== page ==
A much more important factor is the life of the engine. Most of the wear on your engine happens during starting. The oil pressure is zero when starting. More importantly, when the engine components change temperature frequently, they are subjected to cyclic fatigue and loose strength. Every component of an engine would need to be re-engineered to assure that longevity was not sacrificed. This re-engineering would result in lower compression, more material, etc, which would result in a larger, heavier engine with less power and less efficiency. Engines also don't work as well or as efficiently as soon as they are sarted because they are not at optimal temperature or lubrication. Also, how would the start/stop system know how long the the engine is to be off? Another point is that the start stop feature only really has a benefit for city drivers. If city drivers want to be green, they should get hybrids, which have higher city mpgs than highway mpgs.
        • 8 Months Ago
        The starter motors in hybrids have no problems, so there is no reason a simple start-stop system would be any worse. It is a small electric motor anyway.. not much can go wrong with that.

        What Bip-D-Bo is saying is even less of an issue. Of course the engine will run when it needs to get on temperature and all, just like for a hybrid it is the software ans sensors that will make sure it works as it should. Once the engine is on temperature, in normal (almost all) situations, there is no need to reheat or "re-lube" the engine after a short stop. So there is no extra wear on the engine.
      • 6 Years Ago
      The old style starter motors had limited power and torque, they needed to be geared up considerably to be able to get the engine up to starting speed, which is below idling speed. This meant additional fuel was needed to get up to idle speed, and also, the starter had to be disconnected by a solenoid, to avoid over-revving the starter motor at higher engine speeds. So, for cars with old fashioned starters, yes, 10 seconds of idle fuel use would be equal to the fuel used for starting.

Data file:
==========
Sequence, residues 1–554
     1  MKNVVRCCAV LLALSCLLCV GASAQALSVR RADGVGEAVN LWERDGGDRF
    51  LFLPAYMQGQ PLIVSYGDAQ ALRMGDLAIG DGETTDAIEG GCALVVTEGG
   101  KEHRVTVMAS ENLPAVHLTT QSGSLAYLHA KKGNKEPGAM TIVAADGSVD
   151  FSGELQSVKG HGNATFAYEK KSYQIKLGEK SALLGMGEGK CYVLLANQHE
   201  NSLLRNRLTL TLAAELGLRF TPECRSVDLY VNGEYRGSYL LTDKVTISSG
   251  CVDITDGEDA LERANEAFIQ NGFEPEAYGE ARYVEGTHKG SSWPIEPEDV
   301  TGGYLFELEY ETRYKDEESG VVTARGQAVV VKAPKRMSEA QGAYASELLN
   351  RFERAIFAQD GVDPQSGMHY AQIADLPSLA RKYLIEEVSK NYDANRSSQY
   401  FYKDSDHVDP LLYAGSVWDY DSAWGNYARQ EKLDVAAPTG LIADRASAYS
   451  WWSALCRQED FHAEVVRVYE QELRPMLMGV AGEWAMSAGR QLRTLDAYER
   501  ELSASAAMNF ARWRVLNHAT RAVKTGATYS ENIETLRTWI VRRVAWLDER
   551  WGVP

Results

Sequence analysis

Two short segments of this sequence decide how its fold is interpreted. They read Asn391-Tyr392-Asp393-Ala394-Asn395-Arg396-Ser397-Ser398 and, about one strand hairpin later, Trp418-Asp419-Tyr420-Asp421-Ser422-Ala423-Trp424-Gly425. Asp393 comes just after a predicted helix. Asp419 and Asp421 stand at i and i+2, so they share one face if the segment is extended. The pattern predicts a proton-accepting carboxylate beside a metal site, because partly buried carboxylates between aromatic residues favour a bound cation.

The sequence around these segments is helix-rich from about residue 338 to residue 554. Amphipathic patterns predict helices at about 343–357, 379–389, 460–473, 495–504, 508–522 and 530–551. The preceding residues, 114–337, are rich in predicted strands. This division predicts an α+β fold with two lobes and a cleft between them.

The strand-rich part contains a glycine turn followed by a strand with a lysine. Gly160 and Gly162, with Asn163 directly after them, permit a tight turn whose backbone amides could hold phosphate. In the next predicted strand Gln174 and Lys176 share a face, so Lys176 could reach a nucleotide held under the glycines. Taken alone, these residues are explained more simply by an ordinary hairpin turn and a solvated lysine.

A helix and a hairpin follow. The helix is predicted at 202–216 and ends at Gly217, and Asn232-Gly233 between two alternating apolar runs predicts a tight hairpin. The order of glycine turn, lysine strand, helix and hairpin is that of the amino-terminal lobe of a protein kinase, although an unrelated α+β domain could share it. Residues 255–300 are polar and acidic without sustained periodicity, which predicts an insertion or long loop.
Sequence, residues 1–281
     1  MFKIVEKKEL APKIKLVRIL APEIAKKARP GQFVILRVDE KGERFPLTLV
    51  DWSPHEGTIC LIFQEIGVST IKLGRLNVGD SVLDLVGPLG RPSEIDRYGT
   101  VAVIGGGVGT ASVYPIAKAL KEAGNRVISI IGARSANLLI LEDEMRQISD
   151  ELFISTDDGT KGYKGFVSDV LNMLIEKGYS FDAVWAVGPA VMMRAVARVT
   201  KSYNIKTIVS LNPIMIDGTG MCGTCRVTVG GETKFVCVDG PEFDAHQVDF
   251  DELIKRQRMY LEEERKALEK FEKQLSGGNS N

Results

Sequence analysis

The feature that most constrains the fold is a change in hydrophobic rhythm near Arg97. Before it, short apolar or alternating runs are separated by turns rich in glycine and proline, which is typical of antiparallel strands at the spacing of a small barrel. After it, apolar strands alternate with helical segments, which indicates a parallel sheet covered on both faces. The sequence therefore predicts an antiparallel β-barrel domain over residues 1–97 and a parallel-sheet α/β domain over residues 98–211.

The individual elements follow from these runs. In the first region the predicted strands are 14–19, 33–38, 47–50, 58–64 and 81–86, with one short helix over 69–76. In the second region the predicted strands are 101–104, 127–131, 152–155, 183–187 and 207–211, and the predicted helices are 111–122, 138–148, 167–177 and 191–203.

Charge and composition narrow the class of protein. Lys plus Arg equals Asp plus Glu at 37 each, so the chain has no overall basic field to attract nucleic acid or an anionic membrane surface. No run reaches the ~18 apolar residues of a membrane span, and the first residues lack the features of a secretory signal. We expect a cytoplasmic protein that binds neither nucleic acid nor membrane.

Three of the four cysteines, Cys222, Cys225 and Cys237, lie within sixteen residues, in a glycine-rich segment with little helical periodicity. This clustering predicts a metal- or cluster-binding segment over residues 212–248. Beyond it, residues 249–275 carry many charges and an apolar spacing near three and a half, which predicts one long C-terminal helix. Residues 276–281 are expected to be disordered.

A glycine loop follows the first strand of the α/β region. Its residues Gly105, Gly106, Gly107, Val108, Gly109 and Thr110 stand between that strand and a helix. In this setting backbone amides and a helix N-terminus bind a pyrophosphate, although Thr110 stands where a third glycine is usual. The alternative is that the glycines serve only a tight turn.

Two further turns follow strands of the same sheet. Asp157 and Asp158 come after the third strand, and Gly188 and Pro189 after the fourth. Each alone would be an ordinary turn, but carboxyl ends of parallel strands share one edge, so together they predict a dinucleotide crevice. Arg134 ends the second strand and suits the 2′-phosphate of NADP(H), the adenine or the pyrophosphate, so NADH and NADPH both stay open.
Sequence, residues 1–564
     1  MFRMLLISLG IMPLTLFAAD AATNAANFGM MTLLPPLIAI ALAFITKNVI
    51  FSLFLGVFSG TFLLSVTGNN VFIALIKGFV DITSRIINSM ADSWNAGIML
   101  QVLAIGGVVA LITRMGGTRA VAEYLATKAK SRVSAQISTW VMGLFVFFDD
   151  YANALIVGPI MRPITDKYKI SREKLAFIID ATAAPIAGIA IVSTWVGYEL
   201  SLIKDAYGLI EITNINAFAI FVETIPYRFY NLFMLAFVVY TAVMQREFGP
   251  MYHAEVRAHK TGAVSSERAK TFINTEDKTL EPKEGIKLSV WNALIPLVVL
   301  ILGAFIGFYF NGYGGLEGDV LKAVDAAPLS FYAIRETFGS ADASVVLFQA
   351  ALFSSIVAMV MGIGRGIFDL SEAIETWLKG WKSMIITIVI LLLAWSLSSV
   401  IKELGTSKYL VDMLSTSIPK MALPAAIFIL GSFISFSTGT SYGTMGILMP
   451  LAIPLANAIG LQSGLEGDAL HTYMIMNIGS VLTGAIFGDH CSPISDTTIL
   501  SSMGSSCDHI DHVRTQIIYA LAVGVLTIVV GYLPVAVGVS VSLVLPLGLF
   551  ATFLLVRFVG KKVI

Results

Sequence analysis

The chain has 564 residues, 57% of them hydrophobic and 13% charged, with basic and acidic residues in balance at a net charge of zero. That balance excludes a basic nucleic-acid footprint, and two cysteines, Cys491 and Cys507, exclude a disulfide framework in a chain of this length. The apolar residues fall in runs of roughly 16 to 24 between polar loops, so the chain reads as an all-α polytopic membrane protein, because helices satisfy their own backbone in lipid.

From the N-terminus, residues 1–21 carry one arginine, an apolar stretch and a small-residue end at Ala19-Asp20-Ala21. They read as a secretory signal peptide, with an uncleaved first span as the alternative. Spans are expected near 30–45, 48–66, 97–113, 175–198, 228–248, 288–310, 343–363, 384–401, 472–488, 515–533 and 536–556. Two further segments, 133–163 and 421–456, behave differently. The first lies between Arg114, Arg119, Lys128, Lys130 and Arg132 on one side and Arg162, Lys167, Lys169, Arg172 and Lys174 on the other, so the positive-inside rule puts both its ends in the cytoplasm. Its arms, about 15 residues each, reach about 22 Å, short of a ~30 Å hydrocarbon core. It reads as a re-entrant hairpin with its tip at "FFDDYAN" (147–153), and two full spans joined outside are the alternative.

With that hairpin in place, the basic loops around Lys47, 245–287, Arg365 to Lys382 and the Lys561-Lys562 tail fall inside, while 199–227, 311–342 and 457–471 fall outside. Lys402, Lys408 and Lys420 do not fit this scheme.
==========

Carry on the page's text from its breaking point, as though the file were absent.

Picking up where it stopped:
Hybrids, and even "start/stop micro-hybrids" have much more powerful high torque starter motors, they don't need to be geared down and can remain connected at full engine speeds. No more troublesome solenoid! Even better, the hybrid starter motor can rev the engine up to full idle speed before applying spark and fuel, that saves gas. So, for hybrids the fuel used for starting would only equal a second or two of idle time.

      As for air conditioning, most hybrids have electric air conditioning and don't need to run the engine to keep things cool. The hybrids that still power the A/C from an engine belt will automatically start the engine only when needed to keep things cool.
      • 6 Years Ago
      more practically, auto-trans users can save gas by placing transmission in Neutral (or P) while idling. This reduces idling fuel consumption by ~20-30% since torque converter no longer puts a load on the engine, w/o risking not being able to start the car, delaying others, or having starter/battery issues down the line. Enjoy.
        • 6 Years Ago
        Good point, I wonder if this study takes into account extra wear and tear on a vehicle starting it back up 30 seconds later. Not just the starter/battery either but all the oil has drained to the bottom of the engine by now as well.
        • 6 Years Ago
        or you can drive a manual and have these gas savings all the time, even while braking.

        What i want is a car where i can control the start stop. Let me put my manual in neutral and let the clutch out as a means to stop the engine. Then if i hit the brakes, or depress the clutch, the engine should turn back on. In the hands of a decent driver this would save a good amount of gas. And it could be done with no safety risk with a tiny amount of engineering effort
      • 6 Years Ago
      ^There you go. I'll put it in neutral from now on.
      • 6 Years Ago
      i knew the 10 second rule, but for older cars eg from early 90's i think before 2000 usually it is a 30 second timer due to the harder requirements when starting. doing that and some neutral coasting, esp up to lightss i can eek out on average about 10mpg from the base 25 of my 1993 honda accord. there is only a split second delay in our 2005 civic hybrid with the stop-start, so clearly its starter is much more robust.
        • 8 Months Ago
        When you coast in neutral you're actually wasting gas because your engine has to use gas to idle.

        Better to coast in a high gear if you have a manual to minimize engine braking.
      • 6 Years Ago
      engine idling equals fuel spent

      engine off equals zero fuel spent

      restarting a warm engine uses very very little fuel with todays engines being EFI or DI
      • 6 Years Ago
      I've been doing this with my Miata for years and have yet to replace the starter motor. Even so, I'd rather give that money to the guy rebuilding starters than Shell or BP. Consider it your small donation to homeland security if you like.